Vagueness by Numbers? No Worries
Smith (Nicholas J.J.)
Source: Mind - 112/446 (April 2003)
Paper - Abstract

Paper Summary


Philosophers Index Abstract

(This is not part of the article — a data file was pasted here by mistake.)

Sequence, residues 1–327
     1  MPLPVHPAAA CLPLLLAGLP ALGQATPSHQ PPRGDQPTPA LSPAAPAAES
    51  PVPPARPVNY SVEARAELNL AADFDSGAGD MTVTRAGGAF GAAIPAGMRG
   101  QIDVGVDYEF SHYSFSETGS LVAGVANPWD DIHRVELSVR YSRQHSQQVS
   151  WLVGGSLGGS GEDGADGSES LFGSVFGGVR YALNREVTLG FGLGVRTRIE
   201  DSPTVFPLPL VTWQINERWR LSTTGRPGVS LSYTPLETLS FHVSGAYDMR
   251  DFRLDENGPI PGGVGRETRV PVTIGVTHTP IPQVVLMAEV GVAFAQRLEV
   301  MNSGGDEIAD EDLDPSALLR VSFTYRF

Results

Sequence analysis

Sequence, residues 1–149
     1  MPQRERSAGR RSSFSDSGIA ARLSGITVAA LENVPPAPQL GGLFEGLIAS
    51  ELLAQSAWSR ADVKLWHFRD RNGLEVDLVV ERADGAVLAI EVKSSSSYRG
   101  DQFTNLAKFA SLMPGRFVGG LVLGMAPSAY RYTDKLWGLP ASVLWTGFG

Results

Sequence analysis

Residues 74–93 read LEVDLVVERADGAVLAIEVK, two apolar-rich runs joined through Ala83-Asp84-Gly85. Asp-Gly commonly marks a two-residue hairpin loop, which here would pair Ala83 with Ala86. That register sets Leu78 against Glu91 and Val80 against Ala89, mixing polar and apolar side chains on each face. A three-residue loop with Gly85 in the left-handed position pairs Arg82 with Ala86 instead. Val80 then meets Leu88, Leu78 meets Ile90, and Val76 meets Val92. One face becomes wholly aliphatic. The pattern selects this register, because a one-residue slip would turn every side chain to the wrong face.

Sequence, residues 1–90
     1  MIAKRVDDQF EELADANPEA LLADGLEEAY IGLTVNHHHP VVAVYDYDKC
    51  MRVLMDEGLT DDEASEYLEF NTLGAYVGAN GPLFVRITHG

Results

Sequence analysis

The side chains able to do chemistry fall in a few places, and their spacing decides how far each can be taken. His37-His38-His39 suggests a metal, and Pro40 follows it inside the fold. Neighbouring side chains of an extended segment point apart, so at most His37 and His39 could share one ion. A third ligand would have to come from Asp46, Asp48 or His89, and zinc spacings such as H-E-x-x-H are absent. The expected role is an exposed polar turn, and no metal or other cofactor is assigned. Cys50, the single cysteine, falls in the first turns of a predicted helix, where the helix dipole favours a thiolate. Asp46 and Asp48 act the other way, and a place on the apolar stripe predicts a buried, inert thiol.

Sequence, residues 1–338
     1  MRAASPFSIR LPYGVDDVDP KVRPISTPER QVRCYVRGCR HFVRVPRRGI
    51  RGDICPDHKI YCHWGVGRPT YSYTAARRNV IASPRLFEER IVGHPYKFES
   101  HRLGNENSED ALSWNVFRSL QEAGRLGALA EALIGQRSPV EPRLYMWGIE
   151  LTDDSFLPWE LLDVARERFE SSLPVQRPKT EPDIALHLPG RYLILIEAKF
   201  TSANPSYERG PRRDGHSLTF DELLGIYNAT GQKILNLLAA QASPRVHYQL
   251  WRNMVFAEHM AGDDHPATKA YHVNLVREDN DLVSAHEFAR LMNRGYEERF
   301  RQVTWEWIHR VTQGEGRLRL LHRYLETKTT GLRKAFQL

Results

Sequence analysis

Rosanna Keefe ("Vagueness by Numbers" Mind 107, 1998, pp. 565-579) argues that theories of vagueness based upon fuzzy logic and set theory rest on a confusion: once we have assigned a number to an object to represent (for example) its height, there is no distinct purpose left to be served by assigning a number to the object to represent its degree of tallness; she claims that "any numbers assigned in an attempt to capture the vagueness of 'tall' do no more than serve as another measure of height." In this paper I defend fuzzy theories of vagueness against Keefe's attack. I show that the numbers that we assign to objects to measure (for example) heights serve a quite distinct purpose from the numbers that fuzzy theories of vagueness assign to objects to measure degrees of tallness: the two sorts of assignment are both formally and conceptually distinct; the fuzzy approach to vagueness is well-motivated and free of confusion.

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